India’s pro-government television news channels have trained their guns on an unexpected target: Bollywood. The $2.6bn film industry has been accused of nepotism, drug abuse and even murder in the aftermath of a young actor’s suicide during lockdown.
“All the perfumes of Arabia cannot take away the stench and the stink of this filth and scum of the underbelly of Bollywood,” Shazia Ilmi, a spokesperson for Narendra Modi’s ruling Bharatiya Janata party, fumed in a recent Republic TV debate called “Bollywood Muck & Stink Exposed”.
After relentless vilification, Bollywood is fighting back. This week, box office superstars Shah Rukh Khan, Aamir Khan and Salman Khan, as well as 31 other celebrities and unions representing actors, directors, producers and writers sued Republic, its rival Times Now and four primetime anchors, for defamation.
In their lawsuit, the celebrities accused the channels — to which authorities allegedly leaked stars’ private WhatsApp messages — of invading their privacy and “painting the entire Bollywood as criminals, steeped in drug culture”.
The case, according to film stars, critics and political analysts, has laid bare the tension between an influential and liberal cultural industry and a rightwing ruling party determined to tap the power of film.
“There is no other political party in the country today that understands the power of the image as much as the BJP,” said Shubhra Gupta, author of 50 Films that Changed Bollywood.
Since 2014, she said, the ruling party had both wooed and put pressure on Bollywood to “fall in line” and promote the cult of Mr Modi as well as emphasise historic Hindu-Muslim tensions.
“If you are not going to fall in line, everything they have in their power will be done to make that happen,” Ms Gupta said.
Suhas Palshikar, editor of the journal Studies in Indian Politics, said that “what is happening against Bollywood is part of a larger pattern of cultural warfare. I’m not sure whether Bollywood is aware of it, or ready”.
In its finest films — and in the personal lives of its biggest stars — many of whom are Muslims, Bollywood has long symbolised independent India’s founding ideals of secularism, inclusivity, tolerance, individual freedom and interfaith amity.
“They represent a different kind of India, a less puritanical India,” said Rachel Dwyer, professor emerita of Indian Cinema and Culture at Soas, University of London. “It’s also one of the few places where you have a significant Muslim elite.”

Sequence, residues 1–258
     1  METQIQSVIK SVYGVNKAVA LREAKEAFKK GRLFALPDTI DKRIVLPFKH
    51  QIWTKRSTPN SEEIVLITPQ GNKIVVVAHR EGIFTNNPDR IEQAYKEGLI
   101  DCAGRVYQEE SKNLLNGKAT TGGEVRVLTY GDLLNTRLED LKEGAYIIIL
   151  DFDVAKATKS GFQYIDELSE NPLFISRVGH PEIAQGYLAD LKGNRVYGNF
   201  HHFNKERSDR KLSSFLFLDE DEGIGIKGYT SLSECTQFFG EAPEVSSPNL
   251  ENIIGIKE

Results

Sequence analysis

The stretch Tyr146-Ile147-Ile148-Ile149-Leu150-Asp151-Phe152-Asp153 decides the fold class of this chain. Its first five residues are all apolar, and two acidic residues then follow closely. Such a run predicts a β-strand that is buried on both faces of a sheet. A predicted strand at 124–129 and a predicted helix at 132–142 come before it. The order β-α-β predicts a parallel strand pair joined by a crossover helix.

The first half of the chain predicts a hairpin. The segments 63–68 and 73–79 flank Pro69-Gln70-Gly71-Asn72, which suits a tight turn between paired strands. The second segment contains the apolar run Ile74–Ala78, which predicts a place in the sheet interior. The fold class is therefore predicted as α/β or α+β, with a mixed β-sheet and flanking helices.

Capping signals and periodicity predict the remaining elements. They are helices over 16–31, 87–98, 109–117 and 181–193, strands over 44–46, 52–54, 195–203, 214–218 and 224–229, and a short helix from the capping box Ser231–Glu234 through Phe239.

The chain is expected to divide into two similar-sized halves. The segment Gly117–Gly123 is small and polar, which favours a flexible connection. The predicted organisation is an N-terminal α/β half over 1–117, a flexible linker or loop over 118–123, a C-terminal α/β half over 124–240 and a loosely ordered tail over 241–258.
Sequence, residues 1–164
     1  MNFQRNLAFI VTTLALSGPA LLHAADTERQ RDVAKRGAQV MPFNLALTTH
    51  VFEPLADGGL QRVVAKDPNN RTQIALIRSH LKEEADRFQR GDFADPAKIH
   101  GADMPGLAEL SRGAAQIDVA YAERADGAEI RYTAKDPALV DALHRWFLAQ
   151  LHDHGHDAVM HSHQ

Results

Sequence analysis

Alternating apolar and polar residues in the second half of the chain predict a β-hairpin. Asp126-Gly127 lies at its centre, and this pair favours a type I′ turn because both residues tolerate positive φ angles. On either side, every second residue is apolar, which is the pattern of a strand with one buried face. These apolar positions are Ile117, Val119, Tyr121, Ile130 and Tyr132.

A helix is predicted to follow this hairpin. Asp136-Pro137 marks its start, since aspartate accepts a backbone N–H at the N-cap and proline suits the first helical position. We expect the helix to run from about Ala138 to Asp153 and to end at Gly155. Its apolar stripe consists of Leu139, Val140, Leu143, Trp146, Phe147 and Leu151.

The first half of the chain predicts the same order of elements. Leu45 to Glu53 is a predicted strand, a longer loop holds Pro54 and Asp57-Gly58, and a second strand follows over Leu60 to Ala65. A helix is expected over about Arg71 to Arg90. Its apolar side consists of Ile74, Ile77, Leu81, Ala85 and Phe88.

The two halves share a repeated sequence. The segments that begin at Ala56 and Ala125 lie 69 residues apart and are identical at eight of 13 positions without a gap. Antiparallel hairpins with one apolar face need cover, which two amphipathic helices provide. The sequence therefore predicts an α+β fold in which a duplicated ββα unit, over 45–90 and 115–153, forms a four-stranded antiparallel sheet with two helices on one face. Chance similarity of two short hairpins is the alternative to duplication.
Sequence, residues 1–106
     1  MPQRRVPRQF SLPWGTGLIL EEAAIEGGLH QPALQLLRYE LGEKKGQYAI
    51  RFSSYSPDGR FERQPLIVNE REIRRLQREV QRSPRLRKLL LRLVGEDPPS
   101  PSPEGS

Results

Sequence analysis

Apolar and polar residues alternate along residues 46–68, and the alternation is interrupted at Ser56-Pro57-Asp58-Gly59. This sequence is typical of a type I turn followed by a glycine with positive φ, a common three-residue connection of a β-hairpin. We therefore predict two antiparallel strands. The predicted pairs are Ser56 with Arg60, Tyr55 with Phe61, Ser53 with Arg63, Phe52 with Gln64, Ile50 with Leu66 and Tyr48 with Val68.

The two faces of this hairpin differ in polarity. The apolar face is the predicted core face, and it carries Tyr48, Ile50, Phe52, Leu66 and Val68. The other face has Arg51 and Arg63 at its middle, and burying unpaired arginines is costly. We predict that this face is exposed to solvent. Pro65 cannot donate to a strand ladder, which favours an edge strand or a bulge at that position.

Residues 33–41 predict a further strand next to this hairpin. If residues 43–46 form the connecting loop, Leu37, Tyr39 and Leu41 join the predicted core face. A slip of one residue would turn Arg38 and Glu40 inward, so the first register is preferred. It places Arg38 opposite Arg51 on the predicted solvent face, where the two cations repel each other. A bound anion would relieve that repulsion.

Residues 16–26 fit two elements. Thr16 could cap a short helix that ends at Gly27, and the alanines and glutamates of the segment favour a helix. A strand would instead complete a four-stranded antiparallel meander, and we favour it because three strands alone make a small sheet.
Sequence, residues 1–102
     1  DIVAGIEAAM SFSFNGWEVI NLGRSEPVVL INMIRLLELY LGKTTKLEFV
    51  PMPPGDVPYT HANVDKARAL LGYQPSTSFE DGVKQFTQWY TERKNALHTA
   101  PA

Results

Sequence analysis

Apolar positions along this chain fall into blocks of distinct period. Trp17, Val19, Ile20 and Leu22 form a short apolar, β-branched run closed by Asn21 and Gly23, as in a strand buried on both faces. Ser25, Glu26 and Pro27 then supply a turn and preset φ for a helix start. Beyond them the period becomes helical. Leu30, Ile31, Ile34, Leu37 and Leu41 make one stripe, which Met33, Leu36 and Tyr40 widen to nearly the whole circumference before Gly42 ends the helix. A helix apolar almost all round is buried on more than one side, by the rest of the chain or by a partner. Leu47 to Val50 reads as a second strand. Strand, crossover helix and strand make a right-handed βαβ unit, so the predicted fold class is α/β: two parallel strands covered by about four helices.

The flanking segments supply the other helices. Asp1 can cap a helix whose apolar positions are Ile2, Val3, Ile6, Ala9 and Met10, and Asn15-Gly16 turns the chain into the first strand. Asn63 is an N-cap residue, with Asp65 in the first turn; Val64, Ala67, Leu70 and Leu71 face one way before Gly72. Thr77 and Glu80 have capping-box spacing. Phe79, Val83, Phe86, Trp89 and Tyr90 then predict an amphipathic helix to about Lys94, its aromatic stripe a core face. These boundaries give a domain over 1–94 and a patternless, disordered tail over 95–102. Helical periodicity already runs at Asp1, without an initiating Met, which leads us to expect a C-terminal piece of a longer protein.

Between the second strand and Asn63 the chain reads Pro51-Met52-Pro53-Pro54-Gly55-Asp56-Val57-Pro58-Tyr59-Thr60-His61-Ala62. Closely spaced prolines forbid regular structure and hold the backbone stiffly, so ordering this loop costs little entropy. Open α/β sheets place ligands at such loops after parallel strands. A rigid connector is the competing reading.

It is that cosmopolitanism that has put the industry on a collision course with the BJP, whose rightwing base views Muslims with hostility and believes interfaith marriage — especially between Muslim men and Hindu women — is a “love jihad”, a plot to erode Hindus’ demographic advantage.
Superstars Aamir Khan and Shah Rukh Khan were both subjected to a nationalist backlash and boycotts in 2015 after expressing concerns about the growing climate of fear and intolerance after Mr Modi took power.
“Bollywood has been one of the most vociferous voices for the constitutional values of secularism and Hindu-Muslim unity,” actress Swara Bhasker told the Financial Times.
“These values stand exactly against the ideals of the Hindu nation, as imagined by Hindutva ideology, which is all about the primacy of the Hindu faith and the Hindu citizen.”
After India’s independence, Jawaharlal Nehru, the first prime minister, appealed to filmmakers to help unify a society traumatised by the violence of partition. Hindi films were traditionally stocked with heroes who saw humanity beyond religious identities and villainous extremists driving people apart.
“The need of the hour was to create cinema that would look at India as a composite nation rather than in bits of pieces of people who were in perpetual conflict,” said Ms Gupta.
But the ruling party is deeply hostile to love between people of different faiths. The 2018 film Kedarnath, depicting a romance between a Hindu priest’s daughter and a Muslim boy, was accused of promoting “love jihad” and banned in the BJP-ruled state of Uttarakhand, where it was set.
Bollywood has tried to reach some accommodation with Mr Modi’s regime. It has made films that glorify Mr Modi (PM Narendra Modi), praised his assertive policies towards Pakistan (Uri) and mocked Manmohan Singh, his predecessor (The Accidental Prime Minister).
Recent historical epics have reinforced the BJP’s version of India’s past, which was characterised by Muslim aggression against valiant, noble Hindus. In the 2018 film Padmaavat, Ms Gupta said, the Muslim invader, Alauddin Khilji, is depicted as “a monster . . . with no redeeming features at all”.
Despite the industry’s concession, the deeper tension between New Delhi and Bollywood is unlikely to ease soon. “No government has understood the soft power of Bollywood the way the Modi government has,” said Ms Bhasker, “and no government has used Bollywood the way the Modi government has.”